Protein gel electrophoresis, or simply protein electrophoresis, is a common technique used in laboratories to separate biomolecules, including DNA, RNA, and proteins, based on size or molecular weight.
Gel electrophoresis of proteins is a standard laboratory technique in which charged proteins are transported through a gel matrix by passing an electric field through a solvent. It’s a simple, sensitive, and rapid analytical tool.
The two support matrices used in electrophoresis are polyacrylamide and agarose. They serve as a molecular sieve through which biomolecules are separated based on their molecular mass. Though agarose has a large pore size, it’s used to separate large protein complexes and nucleic acids. Polyacrylamide, in contrast, has small pore sizes. It’s suitable for separating smaller proteins (5-250 KDa) and small nucleic acids of 5-500 base pairs.
To track the movement of proteins in the gel matrix during electrophoresis, a tracking dye is used in the sample buffer. A very common dye is Bromophenol Blue, which is colored at neutral and alkali pH. The dye contains a negative charge, moving it towards the anode along with the proteins during electrophoresis.
Afterwards, fixed and separated protein bands on the gel matrix are visualized using gel staining. A common protein stain used in labs is Coomassie Brilliant Blue R-250. It’s also used during the Bradford assay. The dye strongly binds to the proteins in the gel, giving them a deep blue color and leaving the acrylamide colorless, making it simple to visualize fixed and separated bands. The silver staining procedure can also be used for gel staining. It can detect even trace amounts of proteins in gels, nucleic acids, or polysaccharides.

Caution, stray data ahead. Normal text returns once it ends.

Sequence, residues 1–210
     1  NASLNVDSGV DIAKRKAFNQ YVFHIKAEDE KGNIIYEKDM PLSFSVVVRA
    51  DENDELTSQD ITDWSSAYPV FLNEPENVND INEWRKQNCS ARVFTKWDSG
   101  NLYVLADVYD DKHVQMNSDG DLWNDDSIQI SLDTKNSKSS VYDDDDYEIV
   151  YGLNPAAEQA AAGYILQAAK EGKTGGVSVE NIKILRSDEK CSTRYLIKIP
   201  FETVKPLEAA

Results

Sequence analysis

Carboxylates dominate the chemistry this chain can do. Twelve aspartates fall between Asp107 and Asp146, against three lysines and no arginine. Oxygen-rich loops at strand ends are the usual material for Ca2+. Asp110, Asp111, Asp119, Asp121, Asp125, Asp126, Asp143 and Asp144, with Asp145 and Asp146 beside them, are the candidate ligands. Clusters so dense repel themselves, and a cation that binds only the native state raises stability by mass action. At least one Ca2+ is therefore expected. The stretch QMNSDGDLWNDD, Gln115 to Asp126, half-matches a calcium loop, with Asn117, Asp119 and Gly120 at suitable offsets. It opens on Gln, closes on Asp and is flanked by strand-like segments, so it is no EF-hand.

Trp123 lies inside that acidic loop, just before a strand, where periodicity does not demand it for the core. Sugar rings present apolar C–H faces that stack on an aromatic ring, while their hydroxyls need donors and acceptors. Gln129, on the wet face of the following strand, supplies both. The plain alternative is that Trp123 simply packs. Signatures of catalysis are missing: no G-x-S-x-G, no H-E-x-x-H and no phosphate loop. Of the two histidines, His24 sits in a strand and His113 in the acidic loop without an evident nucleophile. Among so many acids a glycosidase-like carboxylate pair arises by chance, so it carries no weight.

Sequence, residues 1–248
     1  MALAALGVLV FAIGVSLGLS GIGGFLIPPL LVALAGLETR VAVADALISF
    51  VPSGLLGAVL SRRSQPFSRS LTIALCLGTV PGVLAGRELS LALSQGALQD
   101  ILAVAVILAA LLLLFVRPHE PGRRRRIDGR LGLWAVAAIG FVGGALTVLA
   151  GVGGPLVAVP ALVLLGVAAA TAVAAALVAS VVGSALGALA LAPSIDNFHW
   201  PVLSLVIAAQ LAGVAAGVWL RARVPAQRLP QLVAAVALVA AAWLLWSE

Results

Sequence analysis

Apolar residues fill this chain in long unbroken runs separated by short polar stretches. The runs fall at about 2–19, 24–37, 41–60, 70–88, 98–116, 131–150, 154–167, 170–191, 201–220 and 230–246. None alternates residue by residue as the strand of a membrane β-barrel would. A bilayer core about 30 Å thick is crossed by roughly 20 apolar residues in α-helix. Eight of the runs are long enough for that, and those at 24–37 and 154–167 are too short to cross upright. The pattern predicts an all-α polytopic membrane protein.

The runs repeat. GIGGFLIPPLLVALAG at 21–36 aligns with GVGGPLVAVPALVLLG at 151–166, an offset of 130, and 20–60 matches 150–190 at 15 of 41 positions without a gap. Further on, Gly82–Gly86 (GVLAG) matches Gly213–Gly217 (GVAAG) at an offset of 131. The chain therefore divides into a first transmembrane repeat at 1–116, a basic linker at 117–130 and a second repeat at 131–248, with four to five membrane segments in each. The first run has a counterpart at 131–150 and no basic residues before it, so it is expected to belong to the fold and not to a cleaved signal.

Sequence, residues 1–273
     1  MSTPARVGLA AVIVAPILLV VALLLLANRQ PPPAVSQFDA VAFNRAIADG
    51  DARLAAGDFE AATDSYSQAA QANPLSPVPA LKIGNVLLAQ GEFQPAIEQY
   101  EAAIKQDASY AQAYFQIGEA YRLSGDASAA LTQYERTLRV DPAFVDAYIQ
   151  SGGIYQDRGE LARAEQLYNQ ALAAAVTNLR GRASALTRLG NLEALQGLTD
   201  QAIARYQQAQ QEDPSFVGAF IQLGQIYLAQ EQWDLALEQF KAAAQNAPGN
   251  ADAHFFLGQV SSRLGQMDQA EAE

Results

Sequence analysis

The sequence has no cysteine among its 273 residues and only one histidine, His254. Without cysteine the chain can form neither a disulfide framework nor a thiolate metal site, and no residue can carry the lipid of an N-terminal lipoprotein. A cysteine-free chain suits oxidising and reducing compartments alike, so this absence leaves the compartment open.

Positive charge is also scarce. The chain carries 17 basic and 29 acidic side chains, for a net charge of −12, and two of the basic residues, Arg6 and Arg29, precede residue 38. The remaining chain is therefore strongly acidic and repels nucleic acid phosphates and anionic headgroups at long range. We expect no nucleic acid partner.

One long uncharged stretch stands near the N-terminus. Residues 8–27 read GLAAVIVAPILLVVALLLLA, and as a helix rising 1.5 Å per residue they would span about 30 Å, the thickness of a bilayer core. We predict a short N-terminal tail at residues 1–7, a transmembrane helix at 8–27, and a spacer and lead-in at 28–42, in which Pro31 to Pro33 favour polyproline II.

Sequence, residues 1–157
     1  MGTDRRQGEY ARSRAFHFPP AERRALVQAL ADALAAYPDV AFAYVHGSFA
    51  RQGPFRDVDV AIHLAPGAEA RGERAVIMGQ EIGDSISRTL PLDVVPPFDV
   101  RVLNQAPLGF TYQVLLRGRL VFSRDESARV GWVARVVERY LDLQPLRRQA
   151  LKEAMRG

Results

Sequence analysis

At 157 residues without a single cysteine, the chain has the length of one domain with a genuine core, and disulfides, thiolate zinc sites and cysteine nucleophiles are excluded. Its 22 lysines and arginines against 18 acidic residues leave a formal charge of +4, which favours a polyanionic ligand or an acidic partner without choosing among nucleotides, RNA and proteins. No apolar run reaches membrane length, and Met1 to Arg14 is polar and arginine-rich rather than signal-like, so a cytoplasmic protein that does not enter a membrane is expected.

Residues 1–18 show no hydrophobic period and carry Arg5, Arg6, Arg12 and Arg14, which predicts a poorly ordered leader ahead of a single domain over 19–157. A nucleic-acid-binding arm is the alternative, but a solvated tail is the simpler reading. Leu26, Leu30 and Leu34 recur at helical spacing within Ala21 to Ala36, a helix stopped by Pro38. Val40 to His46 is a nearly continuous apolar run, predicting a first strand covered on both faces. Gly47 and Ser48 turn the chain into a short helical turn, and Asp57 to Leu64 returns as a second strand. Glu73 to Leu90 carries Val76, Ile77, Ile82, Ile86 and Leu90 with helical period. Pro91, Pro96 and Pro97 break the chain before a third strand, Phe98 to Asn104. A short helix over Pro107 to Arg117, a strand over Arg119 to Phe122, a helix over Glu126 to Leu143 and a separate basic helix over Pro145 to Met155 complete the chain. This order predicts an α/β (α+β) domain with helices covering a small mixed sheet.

Protein gel electrophoresis is used in labs to analyze protein samples for:
In this article, we will cover more about protein gel electrophoresis, including the various techniques, working mechanisms, and applications in the laboratory.
Polyacrylamide Gel Electrophoresis (PAGE) is a technique used in life sciences and biotech labs to separate proteins and nucleic acids based on their electrophoretic mobility.
Polyacrylamide is a chemical substance used to prepare electrophoretic gels that act as a sieve for biomolecules during electrophoresis. They are prepared by mixing acrylamide with bisacrylamide. The formation of gel occurs as a result of cross-linking and polymerization of these molecules by the addition of a polymerizing agent, ammonium persulfate (APS).
The pores sizes created in the gel are inversely related to the polyacrylamide concentration or percentage. For example, the higher the polyacrylamide concentration, the smaller the pore size. Gels with high percentages are used to resolve small proteins, whereas gels with low percentages are used for large proteins.